Just this week, I had a need to get some more 32Gb SDHC cards, preferably full size cards, at a good price for some short-haul work. I would expect these to be subjected to a lot of insertion/removal cycles, so I didn’t want to sacrifice any expensive cards as I’ve had a history of case-cracking over time.
While doing some shopping, I came across the Toshiba 32Gb UHS-I card, model SD-K032GR7AR30, for about AU$20 a piece posted. They’re not particularly notable, and are more “no-frills” when it comes to their line-up. It doesn’t even feature the Exceria branding. I have faith in Toshiba, and Japanese made products in general, so I decided to buy some. They did claim Class 10, so it couldn’t be too bad.
The card is packaged in a colour thin-card package with a plastic bubble, as many cards are packaged nowadays. This package is not particularly big, and is unlike the “boxy” tray-style packaging normally associated with the Exceria series.
The front is coloured green (my favourite colour), and advertises a maximum read speed of 30MB/s over the Class UHS-1/Class 10 write speed of 10MB/s. The front features a verification hologram and scratch-off (which requires a phone-in) probably because this is an imported card from overseas. The card is visible, and is black in colour, with a very plain black, white and gold front label.
The rear provides more detailed specifications, where this card is specified as supporting SDR50 mode in UHS-I. Very few cards provides this information.
The package can be opened by cutting along the dotted line, which encourages you to cut-through the hologram, where it allows the card bubble pack to be removed and the card to fold out and provide some information on the “manual”.
The card features a 1-year warranty according to the package, and the manual can be downloaded from their website.
Similar to other cards, the plastic bubble is a fold-over design with “wings” to prevent it from being slipped out of the backing card.
A closer look at the card reveals nothing too special, with the laser etching at the back being very sharp and deep, and similar to some you will find on the back of some Kingston cards (which seem to be OEMed by Toshiba).
The card’s details are as follows:
CID: 02544d534133324712439cf00300e855 CSD: 400e00325b590000ea977f800a400003 Size: 31,486,640,128 bytes
As usual, prior to commissioning, some testing of the product is performed to ensure that it performs correctly.
HDTune Pro with Transcend RDF8
From a clean state, with no data written, the card averages a 42.2MB/s read rate, which is close to the limit of an SDR50 bus connection.
However, once data is written to the flash, the true read speed is shown, averaging 35.4MB/s, which is higher than the claimed 30MB/s maximum, so the card is speeding. Good!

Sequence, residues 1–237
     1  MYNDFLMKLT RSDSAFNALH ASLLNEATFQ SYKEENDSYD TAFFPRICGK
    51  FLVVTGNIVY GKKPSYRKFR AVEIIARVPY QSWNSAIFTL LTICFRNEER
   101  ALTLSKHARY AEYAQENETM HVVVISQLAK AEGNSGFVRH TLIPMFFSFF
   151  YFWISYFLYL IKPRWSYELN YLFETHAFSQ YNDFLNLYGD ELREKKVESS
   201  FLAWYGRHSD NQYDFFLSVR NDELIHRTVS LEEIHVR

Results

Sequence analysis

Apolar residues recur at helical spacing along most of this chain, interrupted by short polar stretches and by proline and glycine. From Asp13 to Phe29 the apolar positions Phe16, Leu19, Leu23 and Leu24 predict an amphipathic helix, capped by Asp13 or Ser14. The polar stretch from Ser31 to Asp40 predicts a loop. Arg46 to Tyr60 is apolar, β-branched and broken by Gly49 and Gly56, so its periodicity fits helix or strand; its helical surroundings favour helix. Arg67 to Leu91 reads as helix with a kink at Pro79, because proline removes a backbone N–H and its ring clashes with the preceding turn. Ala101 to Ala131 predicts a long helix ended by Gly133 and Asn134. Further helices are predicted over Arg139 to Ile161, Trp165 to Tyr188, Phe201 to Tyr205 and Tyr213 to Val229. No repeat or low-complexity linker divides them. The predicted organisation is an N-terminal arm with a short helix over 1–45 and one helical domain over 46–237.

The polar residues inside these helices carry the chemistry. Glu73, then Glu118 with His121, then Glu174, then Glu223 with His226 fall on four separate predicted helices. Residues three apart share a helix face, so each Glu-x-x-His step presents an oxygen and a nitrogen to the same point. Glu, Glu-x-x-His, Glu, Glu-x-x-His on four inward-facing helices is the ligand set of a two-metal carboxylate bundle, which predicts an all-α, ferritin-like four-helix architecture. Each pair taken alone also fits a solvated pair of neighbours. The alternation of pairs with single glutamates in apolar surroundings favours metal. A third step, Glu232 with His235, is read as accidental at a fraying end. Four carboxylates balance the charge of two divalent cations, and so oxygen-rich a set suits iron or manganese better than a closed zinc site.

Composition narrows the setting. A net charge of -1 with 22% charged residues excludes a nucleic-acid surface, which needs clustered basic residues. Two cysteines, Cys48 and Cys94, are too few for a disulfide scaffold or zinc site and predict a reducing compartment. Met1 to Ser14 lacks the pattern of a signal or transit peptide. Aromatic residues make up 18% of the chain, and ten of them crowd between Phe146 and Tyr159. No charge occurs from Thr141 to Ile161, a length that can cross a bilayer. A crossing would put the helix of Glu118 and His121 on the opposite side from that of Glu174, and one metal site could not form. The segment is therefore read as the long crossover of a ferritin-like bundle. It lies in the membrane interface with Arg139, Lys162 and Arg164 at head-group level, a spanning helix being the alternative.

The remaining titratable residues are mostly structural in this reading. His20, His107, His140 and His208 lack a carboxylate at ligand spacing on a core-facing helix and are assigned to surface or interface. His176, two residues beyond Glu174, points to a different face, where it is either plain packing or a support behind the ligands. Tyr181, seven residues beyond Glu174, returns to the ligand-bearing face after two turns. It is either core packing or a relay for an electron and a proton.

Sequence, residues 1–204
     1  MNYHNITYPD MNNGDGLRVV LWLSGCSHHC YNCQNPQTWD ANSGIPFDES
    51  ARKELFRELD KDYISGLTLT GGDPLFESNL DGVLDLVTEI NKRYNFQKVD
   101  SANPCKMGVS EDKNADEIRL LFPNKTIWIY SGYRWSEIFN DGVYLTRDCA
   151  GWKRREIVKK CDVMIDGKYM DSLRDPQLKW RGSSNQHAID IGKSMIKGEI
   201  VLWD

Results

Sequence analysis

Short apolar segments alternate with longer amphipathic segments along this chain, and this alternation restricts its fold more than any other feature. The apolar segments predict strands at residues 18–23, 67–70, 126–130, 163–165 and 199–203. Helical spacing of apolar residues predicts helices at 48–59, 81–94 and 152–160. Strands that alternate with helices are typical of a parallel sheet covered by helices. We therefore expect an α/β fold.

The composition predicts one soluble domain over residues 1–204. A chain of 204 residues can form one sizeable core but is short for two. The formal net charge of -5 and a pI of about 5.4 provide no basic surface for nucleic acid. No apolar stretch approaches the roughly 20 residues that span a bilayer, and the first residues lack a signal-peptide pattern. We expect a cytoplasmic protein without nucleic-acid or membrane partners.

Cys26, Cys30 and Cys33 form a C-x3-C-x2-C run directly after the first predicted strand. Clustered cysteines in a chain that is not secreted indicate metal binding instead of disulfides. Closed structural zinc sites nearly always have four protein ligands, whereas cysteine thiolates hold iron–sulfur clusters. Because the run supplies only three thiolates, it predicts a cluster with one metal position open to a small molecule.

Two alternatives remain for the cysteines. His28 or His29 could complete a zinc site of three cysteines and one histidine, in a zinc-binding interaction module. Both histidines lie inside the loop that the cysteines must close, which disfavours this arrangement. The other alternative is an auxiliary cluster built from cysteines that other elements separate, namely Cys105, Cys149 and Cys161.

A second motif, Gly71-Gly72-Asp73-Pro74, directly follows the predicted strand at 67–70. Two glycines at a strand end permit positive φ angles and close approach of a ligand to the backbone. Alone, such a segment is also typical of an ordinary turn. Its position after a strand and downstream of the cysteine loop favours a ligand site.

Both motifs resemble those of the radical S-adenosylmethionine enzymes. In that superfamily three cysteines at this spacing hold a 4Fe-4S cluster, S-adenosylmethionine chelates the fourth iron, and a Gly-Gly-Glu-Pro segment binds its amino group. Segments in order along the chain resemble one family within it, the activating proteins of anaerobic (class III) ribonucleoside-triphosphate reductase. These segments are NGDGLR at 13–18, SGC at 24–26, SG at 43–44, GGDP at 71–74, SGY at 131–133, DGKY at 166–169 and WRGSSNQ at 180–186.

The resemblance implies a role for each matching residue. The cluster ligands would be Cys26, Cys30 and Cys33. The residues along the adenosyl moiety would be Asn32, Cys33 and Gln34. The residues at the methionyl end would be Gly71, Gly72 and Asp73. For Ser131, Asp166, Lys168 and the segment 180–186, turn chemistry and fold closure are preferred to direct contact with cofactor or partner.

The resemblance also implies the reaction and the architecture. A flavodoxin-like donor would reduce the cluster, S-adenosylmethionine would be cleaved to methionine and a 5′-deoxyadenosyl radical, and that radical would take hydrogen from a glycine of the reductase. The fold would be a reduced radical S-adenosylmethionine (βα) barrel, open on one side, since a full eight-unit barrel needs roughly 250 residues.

HDTune Pro with Kogan RTS5301
From a clean state, the RTS5301 mirrors the same read speeds as the RDF8, being slightly faster at 44.3MB/s. No test with the RTS5301 was performed in the dirty state.
CrystalDiskMark with Transcend RDF8
The card meets the specifications under CrystalDiskMark, with a read speed of 38.49Mb/s exceeding the 30Mb/s claimed, and a write speed of 13.98Mb/s exceeding the 10Mb/s guaranteed. However, from there, the performance for small and medium block goes downhill, with poor 512kB write rates, and fairly average 4kB write rates which seem to be time sensitive.
It seems that the card is nothing special, as expected from the packaging and price. However, comparing it to the Sandisk Ultra microSDHC, it’s fairly similar and trades blows back and forth, although that is expected since microSDHC cards are disadvantaged by the lower card volume meaning less space for flash, with less chance of getting higher speeds.
CrystalDiskMark with Kogan RTS5301
The Kogan RTS5301 turns out very similar numbers, which means good things in terms of card compatibility.
H2testw with Transcend RDF8
The card passed with no errors, and was able to maintain a very similar speed across the whole card as benchmarked above.
The Toshiba card is sold as “no frills”, and it performs as such. It’s not a bad card by any measure, and exceeds its stated claims, however, it is not a truly speedy card compared to the Exceria series. It is still plenty fast enough for recording high definition video (where Class 6 is even sufficient), and is probably no disadvantage if you’re not looking for every second in the download process or rattling off burst RAW shots on a DSLR like no-tomorrow. For the price, it provides the expected level of value, but the small and medium block performance is not particularly noteworthy.